Thursday, September 10, 2009

September 10: Sibboleth Day

On this date in the year 2000, the television show The West Wing won nine Emmys, including outstanding drama. In doing so, the show broke the record for most Emmys earned for a show in its first season -- the record was previously held by "ER" and "Hill Street Blues." The West Wing continued its successful run for six more seasons, ending in May 2006. In each of its seven seasons it received an Emmy nomination for outstanding drama, winning a total of four times.

One West Wing episode in particular is of special interest to language lovers. It was called "Shibboleth" and appeared in the show's second season.

In the episode President Bartlett (Martin Sheen) must determine whether a group of Chinese stowaways should be given asylum in the U.S. or be returned to China. One key to his decision is determining whether their claim to be Christians is true or just a ploy to stay in the U.S. When President Bartlett tells his staff that he will find out the truth by employing a shibboleth, everyone in the room is puzzled (1).

A shibboleth is a kind of linguistic password, where a person's pronunciation or language usage indicates his or her background. It originates in a story from the Old Testament in the Book of Judges, Chapter 12. In the story two tribes, the Ephraimite and the Gileadites, are at war. The Gileadites use the word shibboleth (which means "ear of corn") as a password to tell friend from foe. In ancient Hebrew dialects some groups pronounced it with an 'sh' sound while others pronounced it with an 's.' Using the shibboleth, the Gileadites where able to identify and kill the Ephraimites, who did not have an 'sh' sound in their language.

President Barlett's use of a shibboleth is probably more cultural than linguistic. In his interrogation of the Chinese Christian representative, he asks questions about the group's religious practices and knowledge of the Bible. He comes to the realization that the Chinese are true Christians when they turn the tables on him, saying that faith, not knowledge, is the true test of the Christian faith: "Faith is the only Shibboleth."

Shibboleths used in these kind of life or death circumstances are rare today; however, pronunciation and word choice can be an especially telling marker of a person's background. The writers of The Dictionary of American Regional English (DARE) attempt to document the varieties of American English in the different regions of the U.S. Because "standard" English is most common in written language, the bulk of regional differences are found in oral language.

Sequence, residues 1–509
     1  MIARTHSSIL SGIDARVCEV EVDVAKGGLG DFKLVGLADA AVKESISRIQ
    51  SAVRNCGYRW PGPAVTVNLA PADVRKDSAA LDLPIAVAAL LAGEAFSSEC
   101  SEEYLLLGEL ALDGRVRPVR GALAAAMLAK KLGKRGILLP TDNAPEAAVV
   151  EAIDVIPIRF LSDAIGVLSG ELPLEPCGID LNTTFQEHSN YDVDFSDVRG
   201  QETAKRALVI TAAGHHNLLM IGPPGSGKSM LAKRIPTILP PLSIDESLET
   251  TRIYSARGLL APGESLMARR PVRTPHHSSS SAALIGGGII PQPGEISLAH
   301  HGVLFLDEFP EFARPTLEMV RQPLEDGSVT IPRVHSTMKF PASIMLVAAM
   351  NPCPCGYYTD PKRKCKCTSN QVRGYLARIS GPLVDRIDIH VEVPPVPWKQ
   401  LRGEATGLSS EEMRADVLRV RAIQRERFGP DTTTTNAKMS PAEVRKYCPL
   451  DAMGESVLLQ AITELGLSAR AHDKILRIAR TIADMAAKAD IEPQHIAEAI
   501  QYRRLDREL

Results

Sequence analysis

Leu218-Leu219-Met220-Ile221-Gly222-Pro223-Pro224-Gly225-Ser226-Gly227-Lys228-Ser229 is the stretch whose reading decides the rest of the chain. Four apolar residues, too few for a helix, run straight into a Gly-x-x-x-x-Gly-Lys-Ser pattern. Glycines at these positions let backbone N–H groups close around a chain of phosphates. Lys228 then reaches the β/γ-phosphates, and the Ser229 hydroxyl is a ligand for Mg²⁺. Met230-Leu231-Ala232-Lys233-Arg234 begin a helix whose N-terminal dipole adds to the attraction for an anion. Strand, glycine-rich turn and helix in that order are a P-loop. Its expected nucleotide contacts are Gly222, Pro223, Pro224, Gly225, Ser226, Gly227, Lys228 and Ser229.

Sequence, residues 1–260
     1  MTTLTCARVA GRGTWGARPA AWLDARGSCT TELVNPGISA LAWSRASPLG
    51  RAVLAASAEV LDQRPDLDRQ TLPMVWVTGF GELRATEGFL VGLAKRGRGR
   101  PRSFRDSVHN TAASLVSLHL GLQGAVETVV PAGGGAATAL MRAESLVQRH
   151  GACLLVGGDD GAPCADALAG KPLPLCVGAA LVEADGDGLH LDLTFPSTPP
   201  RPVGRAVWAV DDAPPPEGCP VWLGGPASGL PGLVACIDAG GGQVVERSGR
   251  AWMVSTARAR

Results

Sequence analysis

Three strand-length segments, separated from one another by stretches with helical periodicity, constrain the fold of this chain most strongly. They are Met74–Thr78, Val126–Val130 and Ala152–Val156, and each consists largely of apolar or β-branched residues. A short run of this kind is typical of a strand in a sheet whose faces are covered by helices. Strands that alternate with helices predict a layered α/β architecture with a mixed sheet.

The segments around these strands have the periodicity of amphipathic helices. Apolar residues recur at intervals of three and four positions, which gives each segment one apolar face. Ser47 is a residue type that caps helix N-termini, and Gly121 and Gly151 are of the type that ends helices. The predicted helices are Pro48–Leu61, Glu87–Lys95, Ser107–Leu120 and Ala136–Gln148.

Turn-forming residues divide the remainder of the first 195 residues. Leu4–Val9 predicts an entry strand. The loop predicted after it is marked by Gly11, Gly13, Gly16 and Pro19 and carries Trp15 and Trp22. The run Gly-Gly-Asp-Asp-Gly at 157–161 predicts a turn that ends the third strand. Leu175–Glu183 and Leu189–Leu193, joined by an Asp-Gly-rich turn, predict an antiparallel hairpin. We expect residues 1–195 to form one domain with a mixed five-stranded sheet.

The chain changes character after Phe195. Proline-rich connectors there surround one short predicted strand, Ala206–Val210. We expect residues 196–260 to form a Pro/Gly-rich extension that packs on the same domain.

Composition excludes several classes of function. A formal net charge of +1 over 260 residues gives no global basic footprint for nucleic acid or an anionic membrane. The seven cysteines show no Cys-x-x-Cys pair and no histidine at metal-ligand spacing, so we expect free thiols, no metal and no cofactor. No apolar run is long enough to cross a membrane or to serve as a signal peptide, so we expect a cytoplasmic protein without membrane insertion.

The following are some of the regional terms recorded by DARE:

-While most people recognize poached eggs, dropped eggs is a regional term used for these eggs in New England.

-The game of hopscotch is sometimes referred to as Sky Blue in Chicago, Illinois.

-In the Gulf States and Texas, a chill or shiver is known as a rigor (3).

Today's Challenge: From Shibboleth to Shining
Shibboleth Visit the website for PBS's series Do You Speak American? and take their quiz on regional terms for food, health, and recreational terms used throughout the U.S. Are there any special regional words or expressions that characterize the people who live in your region of the country?

Word of the Day: opprobrium
This word, which originates from Latin, is a noun that means “disgrace arising from exceedingly shameful conduct; ignominy.” Notice how H.L. Mencken uses it in context in the quote below.

Quote of the Day: In small things as in large [the American] exercises continually an incomparable capacity for projecting hidden and often fantastic relationships into arresting parts of speech. Such a term as rubberneck is almost a complete treatise on American psychology; it reveals the national habit of mind more clearly than any labored inquiry could ever reveal it. It has in it precisely the boldness and contempt for ordered forms that are so characteristically American, and it has too the grotesque humor of the country, and the delight in devastating opprobriums, and the acute feeling for the succinct and savory. —H. L. Mencken

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